The Pentagon's "two war" strategy has outlived its usefulness, leaving the United States ill-prepared for emerging threats like ballistic missiles and cyberattack, Defense Secretary Donald H. Rumsfeld told Congress today.
"The current strategy is not working, so we owe it to ourselves to ask: What might be better?" Rumsfeld said in testimony before the House Armed Services Committee. He made a similar presentation to the Senate Armed Services Committee.
It was Rumsfeld's first public testimony to congressional panels since he took office in January. Some Senate panelists had complained that Rumsfeld was keeping them in the dark, although most applauded him today.
We've 'Skimped on Our People'
The U.S. defense strategy, in place for 10 years, is to maintain the capability to win two "major theater wars" — like the 1991 Gulf War — at nearly the same time. The idea is to have enough combat forces to sustain a conflict in the Persian Gulf, with enough in reserve to dissuade North Korea, for example, from starting a conflict with South Korea.
Rumsfeld said this approach worked well during the 1990s but has been undermined by a lack of investment in the advanced military technologies needed to meet emerging threats. He also said the Pentagon had "skimped on our people, doing harm to their trust and confidence."
Rumsfeld said the Defense Department has sketched the general outlines of a new defense strategy and hopes to present it to the White House for President Bush's approval by late summer. It is being closely examined now by a civilian-military team of experts as part of a broad defense review, he said.
More Focus on Future Threats
He used the broadest terms to describe the new strategy, saying it would focus more on future threats, while defending the United States against current threats like terrorism and nuclear, chemical and biological weapons.
It also would enable the United States to maintain forces abroad capable of defeating any adversary, repelling attacks in "a number of critical areas," and conducting a limited number of smaller-scale military missions.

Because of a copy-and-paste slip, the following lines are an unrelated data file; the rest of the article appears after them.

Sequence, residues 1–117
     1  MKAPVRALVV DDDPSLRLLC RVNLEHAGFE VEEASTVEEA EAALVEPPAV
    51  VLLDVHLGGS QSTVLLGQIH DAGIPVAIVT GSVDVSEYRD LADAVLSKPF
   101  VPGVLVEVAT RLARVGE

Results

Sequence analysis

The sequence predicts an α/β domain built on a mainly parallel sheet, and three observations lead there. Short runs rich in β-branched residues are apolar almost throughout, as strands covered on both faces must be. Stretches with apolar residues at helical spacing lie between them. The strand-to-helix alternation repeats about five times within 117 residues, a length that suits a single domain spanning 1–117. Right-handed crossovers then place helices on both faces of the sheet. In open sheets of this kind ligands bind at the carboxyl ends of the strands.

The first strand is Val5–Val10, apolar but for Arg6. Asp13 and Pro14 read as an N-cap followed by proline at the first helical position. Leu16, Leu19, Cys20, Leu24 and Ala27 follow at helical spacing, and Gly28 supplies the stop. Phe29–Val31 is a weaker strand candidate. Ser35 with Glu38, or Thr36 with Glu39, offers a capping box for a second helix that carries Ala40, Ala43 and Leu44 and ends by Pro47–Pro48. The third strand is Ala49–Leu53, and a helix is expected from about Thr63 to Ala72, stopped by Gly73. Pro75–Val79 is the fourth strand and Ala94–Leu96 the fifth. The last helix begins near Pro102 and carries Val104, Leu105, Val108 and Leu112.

He said the new strategy could require modifications in war plans, but did not elaborate.
Underlying the Bush administration's push for a new defense strategy is the president's belief — shared by Rumsfeld — that the existing approach has put too much strain on the troops and emphasized near-term threats like war on the Korean peninsula at the expense of emerging threats like cyberwar.
Which Threats Will Be Likely?
Evidence of the difficulties in finding an alternative emerged in today's exchange with members of the House Armed Services Committee.
Rep. Floyd Spence, R-S.C., told Rumsfeld he thought it was premature to drop the current approach because it serves an important purpose in dissuading potentially hostile nations from thinking that they could catch the United States short if it became involved in a war in the Gulf.
"If we change it we confuse a lot of people — friends and allies," Spence said.
Rumsfeld said the Pentagon has fallen into the trap of preparing for threats that are familiar, even if they are not likely.
"The world is changing," he told the Senate Armed Services Committee. "And unless we change we will find ourselves facing new and daunting threats we did not expect and will be unprepared to meet."
Rumsfeld cited numerous areas in which the Pentagon must put increased emphasis and investment, including:
Intelligence, to provide increased warning of impending attacks and emerging military capabilities.
Space, to provide nearly continuous coverage of critical areas in the world and to protect U.S. space systems.
Missile defense, to defend the United States, its allies and friendly nations, as well as U.S. troops based abroad.
Rapidly deployable forces, stationed abroad in peacetime and capable of performing a wide range of military missions.